Raytheon, a military contractor company, has announced its new iPhone application, the One Force Tracker. It will allow military personnel to securely communicate with each other, and track friends and foes on a real-time map. For example, it allows for crowd sourcing, which has volunteers using cellphones to report real-time traffic flow. The idea is to adapt the concept to turn each soldier into an individual reporting unit, delivering real-time data about position and status.
“We are really delighted to be leveraging Apple’s innovation” said J Smart, chief technology officer for Raytheon’s Intelligence and Information Systems.
The GPS-enabled map feature could also be used for tracking or labeling specific areas such as known sniper sites or safe fallback positions.
“This is hypothetical, but if there is a building with known terrorist activities, it could automatically be pushed to the phone when the soldiers get near that area,” said Mr. Smart.
With the extra communication, errors and misjudgments could be greatly reduced. In case another platoon doesn’t arrive on time, or arrives early, soldiers would know that in real-time, instead of having to waste time confirming this with someone higher up; and on the battlefield, there is no time to waste.
Raytheon is also working on developing sensors that can be attached or even built into the military’s version of the iPhone that would serve other purposes. An example of this would be a portable ultrasound machine built into the iPhone which would be very useful for battlefield medicine.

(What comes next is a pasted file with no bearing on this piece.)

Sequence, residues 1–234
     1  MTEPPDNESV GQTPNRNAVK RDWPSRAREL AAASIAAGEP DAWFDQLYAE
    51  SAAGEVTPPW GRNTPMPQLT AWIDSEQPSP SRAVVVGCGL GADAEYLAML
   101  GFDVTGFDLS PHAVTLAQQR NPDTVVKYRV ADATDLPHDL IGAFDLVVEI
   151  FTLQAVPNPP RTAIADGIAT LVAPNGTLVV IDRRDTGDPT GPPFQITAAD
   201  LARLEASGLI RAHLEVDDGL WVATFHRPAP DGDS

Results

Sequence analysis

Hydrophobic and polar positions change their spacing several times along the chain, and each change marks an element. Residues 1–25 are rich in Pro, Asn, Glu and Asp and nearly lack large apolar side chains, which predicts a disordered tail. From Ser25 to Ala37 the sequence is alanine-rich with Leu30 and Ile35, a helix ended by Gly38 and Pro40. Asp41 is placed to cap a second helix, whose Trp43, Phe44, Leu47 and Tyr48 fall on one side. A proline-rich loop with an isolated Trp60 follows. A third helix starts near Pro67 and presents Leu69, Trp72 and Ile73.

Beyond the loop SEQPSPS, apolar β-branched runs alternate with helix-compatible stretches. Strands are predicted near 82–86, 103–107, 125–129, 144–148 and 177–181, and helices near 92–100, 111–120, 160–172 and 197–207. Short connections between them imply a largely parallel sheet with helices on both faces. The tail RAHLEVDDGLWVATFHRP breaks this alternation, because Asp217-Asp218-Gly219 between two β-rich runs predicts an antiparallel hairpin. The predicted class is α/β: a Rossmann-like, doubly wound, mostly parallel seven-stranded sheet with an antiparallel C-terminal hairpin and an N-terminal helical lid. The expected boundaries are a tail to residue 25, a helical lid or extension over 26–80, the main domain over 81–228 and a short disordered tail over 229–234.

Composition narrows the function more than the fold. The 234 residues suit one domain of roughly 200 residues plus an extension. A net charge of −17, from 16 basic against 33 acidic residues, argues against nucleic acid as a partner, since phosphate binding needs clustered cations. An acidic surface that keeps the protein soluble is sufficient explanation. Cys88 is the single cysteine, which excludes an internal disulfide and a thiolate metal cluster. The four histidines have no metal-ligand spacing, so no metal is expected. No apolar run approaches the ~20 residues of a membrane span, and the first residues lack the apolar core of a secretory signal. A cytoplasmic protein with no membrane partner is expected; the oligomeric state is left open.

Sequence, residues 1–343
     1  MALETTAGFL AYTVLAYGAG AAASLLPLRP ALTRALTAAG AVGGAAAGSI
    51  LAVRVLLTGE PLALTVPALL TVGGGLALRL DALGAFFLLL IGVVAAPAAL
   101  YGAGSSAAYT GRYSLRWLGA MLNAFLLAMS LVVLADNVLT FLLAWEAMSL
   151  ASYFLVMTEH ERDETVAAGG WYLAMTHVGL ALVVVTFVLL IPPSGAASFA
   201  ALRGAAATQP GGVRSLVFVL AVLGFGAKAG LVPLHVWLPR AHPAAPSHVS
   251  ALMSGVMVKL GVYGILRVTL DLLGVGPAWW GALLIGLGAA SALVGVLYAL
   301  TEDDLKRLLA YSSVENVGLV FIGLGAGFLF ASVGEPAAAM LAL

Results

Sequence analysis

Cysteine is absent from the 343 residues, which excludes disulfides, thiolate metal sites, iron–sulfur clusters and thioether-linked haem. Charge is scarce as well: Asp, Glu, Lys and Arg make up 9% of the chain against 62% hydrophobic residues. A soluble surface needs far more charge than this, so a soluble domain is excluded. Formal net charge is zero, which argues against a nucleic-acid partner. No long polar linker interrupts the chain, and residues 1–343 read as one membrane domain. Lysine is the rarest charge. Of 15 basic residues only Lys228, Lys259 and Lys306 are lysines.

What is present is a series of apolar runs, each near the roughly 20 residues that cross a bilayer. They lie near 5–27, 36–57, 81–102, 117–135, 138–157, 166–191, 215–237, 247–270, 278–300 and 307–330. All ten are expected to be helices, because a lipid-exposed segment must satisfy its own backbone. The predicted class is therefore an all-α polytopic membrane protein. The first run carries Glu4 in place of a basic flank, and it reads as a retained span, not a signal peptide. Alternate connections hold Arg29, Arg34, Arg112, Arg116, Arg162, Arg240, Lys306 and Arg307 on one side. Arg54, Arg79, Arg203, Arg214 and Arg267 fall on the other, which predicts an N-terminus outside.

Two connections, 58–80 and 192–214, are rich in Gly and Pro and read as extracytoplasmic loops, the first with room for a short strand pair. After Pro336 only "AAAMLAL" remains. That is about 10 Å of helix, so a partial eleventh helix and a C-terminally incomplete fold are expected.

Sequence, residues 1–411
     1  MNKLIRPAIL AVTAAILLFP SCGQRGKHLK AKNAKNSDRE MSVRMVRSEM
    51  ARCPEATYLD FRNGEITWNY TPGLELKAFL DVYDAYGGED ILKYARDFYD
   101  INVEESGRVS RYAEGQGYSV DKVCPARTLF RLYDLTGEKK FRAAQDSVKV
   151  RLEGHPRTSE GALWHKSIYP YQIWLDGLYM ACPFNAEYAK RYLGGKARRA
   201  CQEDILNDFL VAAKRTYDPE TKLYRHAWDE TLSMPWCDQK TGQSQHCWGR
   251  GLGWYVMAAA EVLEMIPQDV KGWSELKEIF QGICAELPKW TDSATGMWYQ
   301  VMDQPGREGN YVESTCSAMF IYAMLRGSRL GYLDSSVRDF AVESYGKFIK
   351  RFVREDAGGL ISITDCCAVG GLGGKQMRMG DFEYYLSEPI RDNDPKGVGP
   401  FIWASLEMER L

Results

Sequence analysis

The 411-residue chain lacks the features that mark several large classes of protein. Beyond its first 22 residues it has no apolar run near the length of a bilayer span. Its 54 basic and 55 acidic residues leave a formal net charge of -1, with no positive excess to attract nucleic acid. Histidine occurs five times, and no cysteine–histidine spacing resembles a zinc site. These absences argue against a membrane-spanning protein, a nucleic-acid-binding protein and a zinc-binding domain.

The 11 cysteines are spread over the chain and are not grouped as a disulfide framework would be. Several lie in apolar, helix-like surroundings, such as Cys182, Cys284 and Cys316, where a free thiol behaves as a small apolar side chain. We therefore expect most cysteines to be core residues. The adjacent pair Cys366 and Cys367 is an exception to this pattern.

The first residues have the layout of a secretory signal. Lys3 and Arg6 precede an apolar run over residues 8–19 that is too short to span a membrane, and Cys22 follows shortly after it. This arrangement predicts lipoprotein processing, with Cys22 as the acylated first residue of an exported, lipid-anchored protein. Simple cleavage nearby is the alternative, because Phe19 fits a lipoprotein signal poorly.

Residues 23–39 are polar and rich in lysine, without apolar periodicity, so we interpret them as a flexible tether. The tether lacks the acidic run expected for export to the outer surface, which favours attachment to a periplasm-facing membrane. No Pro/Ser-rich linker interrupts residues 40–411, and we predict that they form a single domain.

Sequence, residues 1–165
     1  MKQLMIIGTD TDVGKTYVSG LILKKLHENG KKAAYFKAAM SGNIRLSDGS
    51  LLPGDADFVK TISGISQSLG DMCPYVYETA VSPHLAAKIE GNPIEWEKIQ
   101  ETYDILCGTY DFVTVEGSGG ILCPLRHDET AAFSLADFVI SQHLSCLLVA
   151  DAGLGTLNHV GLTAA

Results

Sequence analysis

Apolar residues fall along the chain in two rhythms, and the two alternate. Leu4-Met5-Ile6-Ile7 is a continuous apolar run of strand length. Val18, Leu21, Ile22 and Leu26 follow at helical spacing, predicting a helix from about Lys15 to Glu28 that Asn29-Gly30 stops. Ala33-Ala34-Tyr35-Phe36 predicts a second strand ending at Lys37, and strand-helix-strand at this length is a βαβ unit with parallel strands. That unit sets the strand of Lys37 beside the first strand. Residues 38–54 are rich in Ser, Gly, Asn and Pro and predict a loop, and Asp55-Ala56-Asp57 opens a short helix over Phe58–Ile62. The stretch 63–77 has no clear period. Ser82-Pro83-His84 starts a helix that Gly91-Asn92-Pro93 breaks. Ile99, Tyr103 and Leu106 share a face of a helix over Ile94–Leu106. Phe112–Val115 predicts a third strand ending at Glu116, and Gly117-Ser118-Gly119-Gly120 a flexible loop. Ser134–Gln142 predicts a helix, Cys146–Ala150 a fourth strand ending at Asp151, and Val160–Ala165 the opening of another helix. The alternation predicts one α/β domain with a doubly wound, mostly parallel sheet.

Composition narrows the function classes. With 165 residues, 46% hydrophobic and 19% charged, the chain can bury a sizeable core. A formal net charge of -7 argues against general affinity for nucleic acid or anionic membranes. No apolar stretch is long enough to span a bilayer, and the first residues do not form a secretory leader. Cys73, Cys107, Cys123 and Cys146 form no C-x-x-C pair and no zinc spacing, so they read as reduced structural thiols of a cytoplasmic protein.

If and when the military does start using the iPhone, there will be some modifications done to it to make it work at the highest level possible. The first thing that will be done is to turn off the “one-function” feature, allowing the iPhone to run multiple programs at once, such as having the GPS function running at all times, while other programs are being used. Also, since the iPhone doesn’t have a replaceable battery, the military might create a new, rugged phone case that would hold a bigger battery, and at the same time protect the phone from damage.
The adaptation of the iPhone to military use is somewhat unusual, since technology usually trickles down from the military to the consumer market. But this is a rare case of consumer hardware and software concepts being so useful and efficient that it is adapted for military use.
(Via NY Times)
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